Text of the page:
FBPO: How does the sibling thing work with you and Chad? You don’t hear Oasis or Kinks or Black Crowes type of stories about Nickelback.
Kroeger: Y’know, we have our disagreements for sure. We don’t make them public. I don’t see how our brotherly squabbles should be public. There was a time, actually, in a hotel room in London when one of the guys at our record company … I guess we were looking for a little edge in the PR world, and I remember this guy saying, “What would be really cool is if you and Chad got into a fist fight publicity. That would be really great!” And we were like, “Eh, that’s really gross.” So, yeah, we’ve had experience with people wanting to fabricate conflict between me and my brother, but we’re not gonna go there.
FBPO: Was All The Right Reasons an easy album to make? Hard? Time consuming?
Kroeger: All of that, I guess. We had a pretty tight operation between us and Joey [Moi], our producer friend. We had a pretty well-designed system at that point, so we went into the studio and just said, “Hey, we’re not gonna leave ’til it’s done and it’s done perfectly.” And that’s obviously not the easiest challenge to set up for yourself, but that was the mentality we went in with, and we kind of stuck to it. We did drive each other crazy. [laughs] There were moments of spontaneity—like the song “Animal” was written, recorded and finished in one 24-hour period. But there were other songs, like “Savin’ Me,” for example, that was just an odyssey. It took six or eight weeks to make that song. So it was kind of mixed in that way.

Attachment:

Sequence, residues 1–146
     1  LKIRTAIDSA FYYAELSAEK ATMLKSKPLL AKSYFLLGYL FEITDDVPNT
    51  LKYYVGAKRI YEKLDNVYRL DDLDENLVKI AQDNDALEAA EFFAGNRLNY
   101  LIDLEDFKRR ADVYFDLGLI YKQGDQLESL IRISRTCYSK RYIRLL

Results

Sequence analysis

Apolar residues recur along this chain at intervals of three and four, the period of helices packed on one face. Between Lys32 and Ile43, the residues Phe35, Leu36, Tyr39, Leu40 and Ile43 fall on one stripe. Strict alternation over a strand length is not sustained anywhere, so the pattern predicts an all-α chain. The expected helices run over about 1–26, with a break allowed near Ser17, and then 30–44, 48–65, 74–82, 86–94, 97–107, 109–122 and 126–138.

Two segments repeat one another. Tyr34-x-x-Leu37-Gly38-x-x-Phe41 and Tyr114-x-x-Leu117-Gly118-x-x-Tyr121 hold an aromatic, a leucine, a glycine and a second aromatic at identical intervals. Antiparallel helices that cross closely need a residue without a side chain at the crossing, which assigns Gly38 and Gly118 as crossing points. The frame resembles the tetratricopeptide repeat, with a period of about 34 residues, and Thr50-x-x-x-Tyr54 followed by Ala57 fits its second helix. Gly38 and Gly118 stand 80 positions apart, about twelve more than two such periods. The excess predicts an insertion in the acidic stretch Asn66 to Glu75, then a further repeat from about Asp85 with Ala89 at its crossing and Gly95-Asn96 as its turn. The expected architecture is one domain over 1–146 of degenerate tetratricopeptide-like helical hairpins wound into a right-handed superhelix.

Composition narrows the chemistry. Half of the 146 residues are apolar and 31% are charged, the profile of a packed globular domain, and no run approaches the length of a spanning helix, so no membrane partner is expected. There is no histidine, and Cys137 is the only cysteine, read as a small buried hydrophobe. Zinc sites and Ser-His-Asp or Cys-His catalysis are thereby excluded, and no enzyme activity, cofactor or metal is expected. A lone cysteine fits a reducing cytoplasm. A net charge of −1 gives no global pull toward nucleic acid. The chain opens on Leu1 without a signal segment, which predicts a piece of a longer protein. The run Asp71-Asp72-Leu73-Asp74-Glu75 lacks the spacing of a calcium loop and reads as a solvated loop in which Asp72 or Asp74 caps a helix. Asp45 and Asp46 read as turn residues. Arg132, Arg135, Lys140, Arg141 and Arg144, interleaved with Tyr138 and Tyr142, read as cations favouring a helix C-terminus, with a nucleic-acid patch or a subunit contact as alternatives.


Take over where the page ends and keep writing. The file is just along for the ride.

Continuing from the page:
FBPO: Was there a moment of epiphany during the album cycle when you realized just what a monster All the Right Reasons was becoming?
Kroeger: Y’know, we put out “Photograph” and that was successful, but it wasn’t really blowing the doors out. It was just consistent, and then it just kind of kept going. Before that we would release a single or two, maybe a third one, and then it would be time to move on. And on this one we had seven. It was crazy! It really just kept chugging along. We’d be like, “OK, let’s release another single” and four weeks later it’s like, “Holy s***, it’s doing it again.” We were having problems with our singles competing with our other singles. So it wasn’t like there was a breakthrough moment. It just never stopped—a good problem to have, really.
FBPO: The album’s success was what really brought out the Nickelback haters, too. Must have been weird to deal with that at the same time as all the success.
Kroeger: It sucked at the beginning, but I really believe that having seven singles had something to do with it. You couldn’t get rid of us! [laughs] But that didn’t come out of nowhere; people wanted to hear them. I’m sure there were plenty of people who had heard enough and they were vocal about it, but the majority really couldn’t get enough.
FBPO: Living well is the best revenge, as they say. Next year will mark the 25th anniversary of Nickelback’s formation. What accounts for the longevity?
Kroeger: Twenty-five years is such a weird thing to say, man. I think, really, we don’t want to do anything else. This is what we do and what we want to do. We want to make music. We want to make records. We want to tour. In the beginning there was plenty of opportunity to quit. Anybody who’s been in a band will tell you there’s tons of really, really good reasons to quit, especially early on when you get knocked down a few times. But this is such a family affair—my brother [Chad] and I, and Ryan [Peake], who we’ve known since he was in sixth grade. We’re really close. It’s a lot easier to quit a band when you’re in a band of strangers or people you’re not really that closely tied to. But when it’s your family and your closest friends, you just work stuff out.
See Jon’s blog, with key takeaways from this interview here.